part two: the light at the end of the backlog

read part one: the dark

CW: mention of rape and sexual assault

While the #metoo and #timesup movements have garnered extensive media attention, drawing the issue of rape and other unwanted sexual attention received by the female population into the spotlight – there is real concrete work being done behind the scenes to help survivors of rape receive justice.

Before #metoo and #timesup, Law & Order: SVU brought attention to the prevalence of rape and sexual assault. Premiering in 1999, the show stars Mariska Hargitay as Detective Olivia Benson, a courageous and compassionate NYPD detective always fighting for the victim. Before the show, television hadn’t given much airtime to the subject of sexual assault. The toll it takes on the survivor and the fight after assault is given prominence in the television show, a radical approach in 1999.

Mariska Hargitay began receiving fan mail after the show premiered. This fan mail was not typical, rather was survivors disclosing stories of sexual trauma to her, often for the very first time. The character of Olivia, who Mariska has been playing for 19 seasons, has profoundly affected her. It has brought her face to face with the high statistics of sexual assault, and the failure of these statistics to make headlines or receive attention from lawmakers. In 2004 Mariska set up Joyful Heart Foundation Foundation, which seeks to help survivors of sexual assault reclaim joy in their lives. The charity has grown enormously over the past 14 years. In 2010, untested rape kits became the charity’s top priority, and so END THE BACKLOG was born.  

END THE BACKLOG is a programme started by the Joyful Heart Foundation, a non-profit organisation created by the actor and activist Mariska Hargitay. Mariska is best known as Detective Olivia Benson in Law & Order: SVU. She has starred in 19 seasons of Law & Order: SVU, where she plays a courageous and compassionate detective always fighting for the victim. Taylor Swift even has a cat named after this very badass character.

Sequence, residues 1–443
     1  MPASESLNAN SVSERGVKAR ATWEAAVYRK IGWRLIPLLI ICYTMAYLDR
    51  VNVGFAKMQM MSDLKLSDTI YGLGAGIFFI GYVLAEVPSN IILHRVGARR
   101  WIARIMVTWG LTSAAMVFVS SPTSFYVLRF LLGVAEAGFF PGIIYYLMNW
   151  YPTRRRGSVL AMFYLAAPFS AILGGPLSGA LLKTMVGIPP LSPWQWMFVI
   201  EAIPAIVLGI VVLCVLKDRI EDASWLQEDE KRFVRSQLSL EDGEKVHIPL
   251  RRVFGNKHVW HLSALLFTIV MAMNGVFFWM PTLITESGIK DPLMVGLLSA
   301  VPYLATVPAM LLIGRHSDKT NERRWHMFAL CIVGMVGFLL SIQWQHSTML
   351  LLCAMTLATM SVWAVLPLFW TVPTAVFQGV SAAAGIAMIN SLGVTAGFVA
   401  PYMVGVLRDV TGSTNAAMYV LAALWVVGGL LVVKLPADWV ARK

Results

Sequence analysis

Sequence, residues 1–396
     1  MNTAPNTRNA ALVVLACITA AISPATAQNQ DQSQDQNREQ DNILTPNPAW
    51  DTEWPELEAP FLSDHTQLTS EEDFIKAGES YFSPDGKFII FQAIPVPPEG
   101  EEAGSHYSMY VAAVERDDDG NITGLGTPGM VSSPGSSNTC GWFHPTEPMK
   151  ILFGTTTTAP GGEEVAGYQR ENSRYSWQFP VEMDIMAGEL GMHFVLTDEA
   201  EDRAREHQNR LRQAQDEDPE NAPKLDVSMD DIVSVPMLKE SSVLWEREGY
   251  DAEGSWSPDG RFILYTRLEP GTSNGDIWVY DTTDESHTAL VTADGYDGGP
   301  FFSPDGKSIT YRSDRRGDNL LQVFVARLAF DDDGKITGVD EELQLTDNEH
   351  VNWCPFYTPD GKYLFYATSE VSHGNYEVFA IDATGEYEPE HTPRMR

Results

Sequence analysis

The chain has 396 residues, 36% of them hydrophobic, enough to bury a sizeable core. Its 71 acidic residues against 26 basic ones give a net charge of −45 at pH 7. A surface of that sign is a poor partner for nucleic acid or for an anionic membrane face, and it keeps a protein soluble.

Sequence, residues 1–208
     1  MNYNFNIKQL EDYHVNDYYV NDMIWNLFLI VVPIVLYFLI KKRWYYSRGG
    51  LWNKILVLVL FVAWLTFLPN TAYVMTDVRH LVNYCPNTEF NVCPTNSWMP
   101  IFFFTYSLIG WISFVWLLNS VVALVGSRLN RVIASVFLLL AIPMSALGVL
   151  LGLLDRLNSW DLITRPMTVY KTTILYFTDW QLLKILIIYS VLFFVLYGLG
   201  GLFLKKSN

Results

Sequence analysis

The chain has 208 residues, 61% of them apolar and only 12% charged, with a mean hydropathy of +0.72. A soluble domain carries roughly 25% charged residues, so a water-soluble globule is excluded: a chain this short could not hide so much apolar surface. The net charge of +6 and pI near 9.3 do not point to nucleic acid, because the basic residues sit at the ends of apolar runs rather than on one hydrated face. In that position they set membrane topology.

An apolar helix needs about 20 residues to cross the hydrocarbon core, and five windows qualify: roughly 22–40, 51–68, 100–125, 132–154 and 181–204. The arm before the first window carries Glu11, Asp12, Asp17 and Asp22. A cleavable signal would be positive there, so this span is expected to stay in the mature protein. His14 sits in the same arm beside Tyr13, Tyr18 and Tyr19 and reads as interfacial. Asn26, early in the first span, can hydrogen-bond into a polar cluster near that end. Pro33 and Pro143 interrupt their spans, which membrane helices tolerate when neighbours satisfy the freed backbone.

"To me, the backlog is one of the clearest and most shocking demonstrations of how we regard these crimes in our society. Testing rape kits sends a fundamental and crucial message to victims of sexual violence: You matter. What happened to you matters. Your case matters. For that reason, The Joyful Heart Foundation, which I founded in 2004, has made ending the rape kit backlog our #1 advocacy priority."

- Mariska Hargitay

When an individual is sexually assaulted, their body becomes a crime scene. Once reported, the sexual assault victim’s entire body is examined for any DNA left by the attacker. This process takes four to six hours and involves the survivor being re-invaded by medical professionals as a means of collecting evidence. After this process, the evidence is preserved in a rape kit.

This DNA could help to catch perpetrators and stop further rapes from happening. Testing the DNA helps the survivor receive justice. Unfortunately, hundreds of thousands of rape kits sit untested across the US. There are two parts to this backlog in the US. The first part consists of the many kits sitting untested in police evidence lockers, because detective and prosecutors never send them for DNA testing. The second part includes rape kits in crime lab facilities which have not been tested in a timely matter – over 30 days of receipt by the lab.

Majority of jurisdictions in the US do not have systems for counting or tracking rape kits, so it is unknown the exact number of rape kits sitting untested. This number is thought to be in hundreds of thousands. In addition, there is no federal law mandating the tracking and testing of rape kits.

END THE BACKLOG has and continues to help fight sexual assault in a concrete way. By expanding the national dialogue on rape kit testing through increased public awareness, engaging communities and government agencies and advocating for comprehensive rape kit reform legislation and policies at the local, state and federal levels END THE BACKLOG is helping to make real changes to help survivors and send the important message that we must take rape seriously.

To see what you can do to help, visit